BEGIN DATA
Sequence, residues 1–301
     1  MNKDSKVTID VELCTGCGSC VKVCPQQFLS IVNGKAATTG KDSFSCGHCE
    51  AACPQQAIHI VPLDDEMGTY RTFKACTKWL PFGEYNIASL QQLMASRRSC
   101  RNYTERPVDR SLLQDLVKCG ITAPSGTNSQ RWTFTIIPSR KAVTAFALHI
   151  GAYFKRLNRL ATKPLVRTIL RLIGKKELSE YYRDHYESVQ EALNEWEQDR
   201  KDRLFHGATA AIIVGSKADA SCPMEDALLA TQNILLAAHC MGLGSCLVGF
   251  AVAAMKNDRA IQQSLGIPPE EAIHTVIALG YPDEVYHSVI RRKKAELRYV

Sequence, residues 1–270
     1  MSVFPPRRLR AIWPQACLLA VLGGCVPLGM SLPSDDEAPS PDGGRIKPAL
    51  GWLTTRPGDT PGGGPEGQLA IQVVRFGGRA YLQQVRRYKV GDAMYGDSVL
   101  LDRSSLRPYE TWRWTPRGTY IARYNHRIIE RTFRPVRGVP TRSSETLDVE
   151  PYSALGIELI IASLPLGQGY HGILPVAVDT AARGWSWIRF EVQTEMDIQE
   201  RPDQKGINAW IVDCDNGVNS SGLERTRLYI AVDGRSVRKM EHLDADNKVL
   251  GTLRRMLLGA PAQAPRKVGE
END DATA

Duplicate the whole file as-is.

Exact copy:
Sequence, residues 1–301
     1  MNKDSKVTID VELCTGCGSC VKVCPQQFLS IVNGKAATTG KDSFSCGHCE
    51  AACPQQAIHI VPLDDEMGTY RTFKACTKWL PFGEYNIASL QQLMASRRSC
   101  RNYTERPVDR SLLQDLVKCG ITAPSGTNSQ RWTFTIIPSR KAVTAFALHI
   151  GAYFKRLNRL ATKPLVRTIL RLIGKKELSE YYRDHYESVQ EALNEWEQDR
   201  KDRLFHGATA AIIVGSKADA SCPMEDALLA TQNILLAAHC MGLGSCLVGF
   251  AVAAMKNDRA IQQSLGIPPE EAIHTVIALG YPDEVYHSVI RRKKAELRYV

Sequence, residues 1–270
     1  MSVFPPRRLR AIWPQACLLA VLGGCVPLGM SLPSDDEAPS PDGGRIKPAL
    51  GWLTTRPGDT PGGGPEGQLA IQVVRFGGRA YLQQVRRYKV GDAMYGDSVL
   101  LDRSSLRPYE TWRWTPRGTY IARYNHRIIE RTFRPVRGVP TRSSETLDVE
   151  PYSALGIELI IASLPLGQGY HGILPVAVDT AARGWSWIRF EVQTEMDIQE
   201  RPDQKGINAW IVDCDNGVNS SGLERTRLYI AVDGRSVRKM EHLDADNKVL
   251  GTLRRMLLGA PAQAPRKVGE